So it is with Star Wars. The cycle came faster this time. After a first film that self-consciously (and successfully) replicated A New Hope beat-for-beat, The Last Jedi wears deconstruction on its sleeve and spouts it in every line of dialogue. Luke tosses a cherished lightsaber over his shoulder and acts like a big goof, disappointing the earnest young warrior Rey. He asks, "did you think I was going to walk out with a laser sword?" (Although, in a bit of deconstructed fan service if there ever were any, he sort of does just that.) The good guys miss major opportunities and end in defeat. All appears lost. Major bummer. Fans loved it.
And yet it was still Star Wars, inasmuch as it was full of sentimentality and sacrifice, and the strange, constant philosophical tug-of-war endemic to the series, that anger and war either solve no problems or solve all of them.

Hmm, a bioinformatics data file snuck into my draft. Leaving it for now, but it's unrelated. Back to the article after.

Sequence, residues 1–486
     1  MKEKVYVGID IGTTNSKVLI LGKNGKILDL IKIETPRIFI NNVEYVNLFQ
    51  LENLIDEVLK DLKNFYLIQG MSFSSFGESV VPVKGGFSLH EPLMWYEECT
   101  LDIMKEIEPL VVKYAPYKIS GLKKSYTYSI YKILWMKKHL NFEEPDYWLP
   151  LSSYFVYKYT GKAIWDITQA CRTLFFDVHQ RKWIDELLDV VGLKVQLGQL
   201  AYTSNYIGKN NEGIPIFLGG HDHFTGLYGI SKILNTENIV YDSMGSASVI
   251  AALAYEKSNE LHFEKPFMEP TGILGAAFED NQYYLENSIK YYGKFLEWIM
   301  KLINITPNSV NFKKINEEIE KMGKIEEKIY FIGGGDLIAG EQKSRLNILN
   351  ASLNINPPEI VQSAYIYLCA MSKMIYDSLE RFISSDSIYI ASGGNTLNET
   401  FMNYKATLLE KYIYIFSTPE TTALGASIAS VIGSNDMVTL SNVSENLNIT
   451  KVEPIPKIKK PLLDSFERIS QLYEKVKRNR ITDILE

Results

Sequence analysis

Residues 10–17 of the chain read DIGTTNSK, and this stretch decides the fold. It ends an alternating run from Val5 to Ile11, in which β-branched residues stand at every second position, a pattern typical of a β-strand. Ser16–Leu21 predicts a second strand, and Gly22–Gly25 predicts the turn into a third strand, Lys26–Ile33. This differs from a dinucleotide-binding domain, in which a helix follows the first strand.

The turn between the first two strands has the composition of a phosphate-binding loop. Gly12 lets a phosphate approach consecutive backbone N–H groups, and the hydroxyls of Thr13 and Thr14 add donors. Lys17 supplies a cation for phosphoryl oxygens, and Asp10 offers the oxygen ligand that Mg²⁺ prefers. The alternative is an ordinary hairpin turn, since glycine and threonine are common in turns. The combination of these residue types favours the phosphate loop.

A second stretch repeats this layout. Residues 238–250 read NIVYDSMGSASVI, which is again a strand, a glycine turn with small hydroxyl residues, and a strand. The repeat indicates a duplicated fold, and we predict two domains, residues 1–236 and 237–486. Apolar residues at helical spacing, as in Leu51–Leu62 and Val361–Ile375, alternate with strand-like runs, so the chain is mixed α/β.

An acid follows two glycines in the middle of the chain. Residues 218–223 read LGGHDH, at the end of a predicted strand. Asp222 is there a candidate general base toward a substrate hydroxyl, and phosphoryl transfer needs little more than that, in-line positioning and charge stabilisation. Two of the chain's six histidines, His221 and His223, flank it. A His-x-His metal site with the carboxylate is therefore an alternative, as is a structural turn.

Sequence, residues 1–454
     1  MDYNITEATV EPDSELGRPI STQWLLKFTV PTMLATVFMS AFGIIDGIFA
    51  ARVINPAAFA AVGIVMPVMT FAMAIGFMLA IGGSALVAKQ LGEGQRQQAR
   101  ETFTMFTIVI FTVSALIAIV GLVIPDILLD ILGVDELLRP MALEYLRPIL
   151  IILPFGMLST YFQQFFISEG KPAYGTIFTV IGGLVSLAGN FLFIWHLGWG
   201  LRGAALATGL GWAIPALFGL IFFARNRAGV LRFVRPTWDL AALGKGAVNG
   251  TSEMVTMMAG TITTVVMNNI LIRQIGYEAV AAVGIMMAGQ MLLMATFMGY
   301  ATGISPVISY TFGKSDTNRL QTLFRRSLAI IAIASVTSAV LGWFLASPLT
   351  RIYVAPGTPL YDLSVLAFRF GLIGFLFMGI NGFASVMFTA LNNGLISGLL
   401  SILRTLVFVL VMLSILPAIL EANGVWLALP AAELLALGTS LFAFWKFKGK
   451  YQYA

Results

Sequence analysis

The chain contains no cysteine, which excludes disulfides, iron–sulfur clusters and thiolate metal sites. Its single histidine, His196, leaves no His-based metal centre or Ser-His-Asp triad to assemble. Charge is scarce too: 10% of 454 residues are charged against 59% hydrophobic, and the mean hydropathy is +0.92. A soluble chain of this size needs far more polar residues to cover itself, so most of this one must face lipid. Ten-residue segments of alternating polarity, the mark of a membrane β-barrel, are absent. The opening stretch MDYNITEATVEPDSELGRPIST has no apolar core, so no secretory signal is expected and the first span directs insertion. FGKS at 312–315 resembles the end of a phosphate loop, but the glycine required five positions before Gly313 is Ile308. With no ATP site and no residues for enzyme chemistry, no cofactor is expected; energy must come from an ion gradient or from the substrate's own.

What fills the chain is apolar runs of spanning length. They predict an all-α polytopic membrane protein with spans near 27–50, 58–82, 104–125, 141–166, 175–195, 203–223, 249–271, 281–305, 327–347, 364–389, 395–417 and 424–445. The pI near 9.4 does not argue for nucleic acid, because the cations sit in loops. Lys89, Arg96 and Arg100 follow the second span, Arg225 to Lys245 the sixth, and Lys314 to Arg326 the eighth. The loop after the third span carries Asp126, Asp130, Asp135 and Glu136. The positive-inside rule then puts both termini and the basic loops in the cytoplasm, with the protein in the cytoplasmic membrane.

You know when this happened before? In The Empire Strikes Back, almost note for note. Yoda deeply disappointed Luke with his stature and his dismissive attitude, and especially his lack of seriousness as he stole Luke's granola bar and beat R2-D2 with a stick. "Adventure! Excitement!" Yoda huffed. This is Yoda previewing the Luke we got in The Last Jedi. What a big bummer was Empire, and even though fans were sucked in, many worried that Star Wars had misstepped.